Below you can download the Wonders of the Wolds comic, produced by York Archaeological Trust (YAT) and artist Paul Christopher Bourne to showcase the responses from the communities of the Yorkshire Wolds during the engagement phase of the Yorkshire Wolds Research Strategy.

As part of the Food for Thought project, YAT undertook engagement with communities across the Strategy’s six study zones (Birdsall, Driffield, Flamborough, Garton-on-the-Wolds, Londesborough and Pocklington) which you can discover more about here. As part of this, a survey was completed by 163 people featuring five open-ended questions to elicit responses based on local people’s feelings and values in relation to the landscape of the Wolds. The responses to the questions (in particular ‘what would you take your friends to see?’ and ‘what is your favourite thing about the Yorkshire Wolds?’) were brought together in the comic along with some representations of the history, archaeology and attractions of the Strategy’s six study zones.

The comic features two central characters, Jo the scarecrow and Han the crow, whose names were suggested by a prominent 19th-century headstone in the churchyard in the deserted Wolds village of Wharram Percy: that of Joseph and Hannah Crow. The story is told in 13 panels, together with a centre spread that illustrates the area of the Wolds as defined for the Strategy, and takes the form of a dialogue between Jo and Han, as Han acts as a guide to the Wolds while she and Jo go exploring.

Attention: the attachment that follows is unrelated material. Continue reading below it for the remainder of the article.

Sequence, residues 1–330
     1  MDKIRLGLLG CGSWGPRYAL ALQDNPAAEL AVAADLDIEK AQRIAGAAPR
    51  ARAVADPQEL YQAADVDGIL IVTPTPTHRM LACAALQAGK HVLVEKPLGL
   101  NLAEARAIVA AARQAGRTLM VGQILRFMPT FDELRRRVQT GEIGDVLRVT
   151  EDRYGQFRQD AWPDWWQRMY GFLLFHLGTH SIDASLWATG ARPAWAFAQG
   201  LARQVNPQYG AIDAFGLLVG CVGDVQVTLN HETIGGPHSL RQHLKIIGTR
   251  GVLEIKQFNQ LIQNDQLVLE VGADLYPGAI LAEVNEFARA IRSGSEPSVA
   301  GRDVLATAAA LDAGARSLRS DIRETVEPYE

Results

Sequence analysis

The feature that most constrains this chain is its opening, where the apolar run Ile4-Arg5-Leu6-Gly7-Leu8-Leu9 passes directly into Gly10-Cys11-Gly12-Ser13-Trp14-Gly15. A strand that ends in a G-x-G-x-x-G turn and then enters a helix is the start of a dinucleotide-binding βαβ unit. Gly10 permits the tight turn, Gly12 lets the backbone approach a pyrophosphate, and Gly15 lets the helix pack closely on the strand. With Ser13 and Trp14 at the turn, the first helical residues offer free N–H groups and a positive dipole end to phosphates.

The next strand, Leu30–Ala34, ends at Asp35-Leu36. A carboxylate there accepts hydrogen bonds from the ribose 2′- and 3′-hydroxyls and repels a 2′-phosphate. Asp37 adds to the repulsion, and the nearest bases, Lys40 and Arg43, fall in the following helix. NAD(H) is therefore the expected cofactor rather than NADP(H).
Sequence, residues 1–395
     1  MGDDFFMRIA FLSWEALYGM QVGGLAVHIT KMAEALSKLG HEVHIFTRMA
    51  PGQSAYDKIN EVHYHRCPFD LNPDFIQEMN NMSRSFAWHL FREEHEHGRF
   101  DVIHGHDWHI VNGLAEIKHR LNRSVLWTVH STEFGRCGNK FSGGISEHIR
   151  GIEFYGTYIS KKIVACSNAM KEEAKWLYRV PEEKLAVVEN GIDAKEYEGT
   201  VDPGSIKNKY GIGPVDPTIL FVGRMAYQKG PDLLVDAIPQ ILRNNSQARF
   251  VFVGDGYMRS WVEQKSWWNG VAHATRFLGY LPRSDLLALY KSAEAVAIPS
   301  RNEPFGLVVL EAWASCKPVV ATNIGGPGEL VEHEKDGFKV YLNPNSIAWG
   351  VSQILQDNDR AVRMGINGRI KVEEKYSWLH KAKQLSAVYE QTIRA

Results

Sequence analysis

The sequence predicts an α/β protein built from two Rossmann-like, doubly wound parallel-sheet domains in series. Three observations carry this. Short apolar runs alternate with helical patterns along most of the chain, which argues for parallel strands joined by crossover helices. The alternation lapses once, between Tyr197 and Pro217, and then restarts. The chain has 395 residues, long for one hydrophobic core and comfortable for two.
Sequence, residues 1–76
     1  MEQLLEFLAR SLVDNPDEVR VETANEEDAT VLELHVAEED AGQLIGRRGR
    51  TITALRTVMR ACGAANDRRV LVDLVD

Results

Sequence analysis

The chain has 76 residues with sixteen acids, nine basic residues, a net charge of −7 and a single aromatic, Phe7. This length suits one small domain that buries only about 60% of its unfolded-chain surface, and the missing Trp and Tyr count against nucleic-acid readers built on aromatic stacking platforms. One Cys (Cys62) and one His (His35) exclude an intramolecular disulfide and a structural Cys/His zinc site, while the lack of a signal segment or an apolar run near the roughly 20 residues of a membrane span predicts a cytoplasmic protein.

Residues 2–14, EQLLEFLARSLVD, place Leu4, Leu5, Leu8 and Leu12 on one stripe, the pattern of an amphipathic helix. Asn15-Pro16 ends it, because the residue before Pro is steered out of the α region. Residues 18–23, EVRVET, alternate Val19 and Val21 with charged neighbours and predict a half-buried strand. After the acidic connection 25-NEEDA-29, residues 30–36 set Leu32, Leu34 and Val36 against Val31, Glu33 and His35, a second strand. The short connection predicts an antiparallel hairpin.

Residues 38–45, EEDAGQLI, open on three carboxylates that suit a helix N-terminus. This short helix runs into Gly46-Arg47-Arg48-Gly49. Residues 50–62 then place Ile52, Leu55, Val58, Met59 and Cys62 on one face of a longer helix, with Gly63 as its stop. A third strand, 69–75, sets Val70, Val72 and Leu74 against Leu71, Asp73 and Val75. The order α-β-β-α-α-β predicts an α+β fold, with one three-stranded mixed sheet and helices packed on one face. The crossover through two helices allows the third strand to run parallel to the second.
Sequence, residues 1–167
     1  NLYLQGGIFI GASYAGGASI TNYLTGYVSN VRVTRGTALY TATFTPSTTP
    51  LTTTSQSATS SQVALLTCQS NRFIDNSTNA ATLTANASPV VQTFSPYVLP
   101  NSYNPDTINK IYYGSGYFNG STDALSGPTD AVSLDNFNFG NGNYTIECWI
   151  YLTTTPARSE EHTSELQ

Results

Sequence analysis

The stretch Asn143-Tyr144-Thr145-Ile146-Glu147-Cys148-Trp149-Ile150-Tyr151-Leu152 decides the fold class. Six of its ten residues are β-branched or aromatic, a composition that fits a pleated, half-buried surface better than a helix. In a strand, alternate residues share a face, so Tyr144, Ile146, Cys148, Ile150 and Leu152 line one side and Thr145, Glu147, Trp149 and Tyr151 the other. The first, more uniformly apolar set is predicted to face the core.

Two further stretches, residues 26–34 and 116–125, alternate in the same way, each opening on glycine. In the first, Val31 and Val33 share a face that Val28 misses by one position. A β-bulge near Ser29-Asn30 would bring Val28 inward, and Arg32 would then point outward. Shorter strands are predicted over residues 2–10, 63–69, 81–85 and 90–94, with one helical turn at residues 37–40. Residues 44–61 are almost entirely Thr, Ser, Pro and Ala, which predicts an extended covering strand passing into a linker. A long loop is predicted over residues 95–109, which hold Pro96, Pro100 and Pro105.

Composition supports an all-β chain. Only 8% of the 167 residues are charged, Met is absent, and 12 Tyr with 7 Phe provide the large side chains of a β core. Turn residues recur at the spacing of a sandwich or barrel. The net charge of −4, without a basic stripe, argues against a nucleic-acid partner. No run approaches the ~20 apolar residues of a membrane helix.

Their exploration of the Wolds takes in visual representations of five of the study zones, some of which are evoked for distinct periods in their history or prehistory, including Neolithic earthworks in Garton parish, the Iron Age chariot burial from Pocklington whose discovery was announced publicly in early 2019 (which was illustrated with advice from archaeologists at Malton Archaeological Practice (MAP) who had worked on its excavation), and a scene of a medieval canon of Bridlington Priory visiting one of its local windmills.

Where possible, archaeological reports and location photographs were referred to by the artist. Paul has worked on previous commissions for York Archaeological Trust to produce artwork in a colourful, child-friendly style. Although evidence of this sort was brought to bear in the artistic process, the emphasis was on producing fun and evocative imagery, rather than attempting accurate reconstructions of the sites under consideration. 

Additionally, given YAT’s record of working with learning groups, particularly via the education and outreach workshops provided by its York-based attractions, the comic has proved fruitful as a springboard for literacy project work with local schools as a further engagement phase, the results of which you can find here.

Click on the link below to download the comic. We hope you enjoy discovering the Yorkshire Wolds with Jo and Han!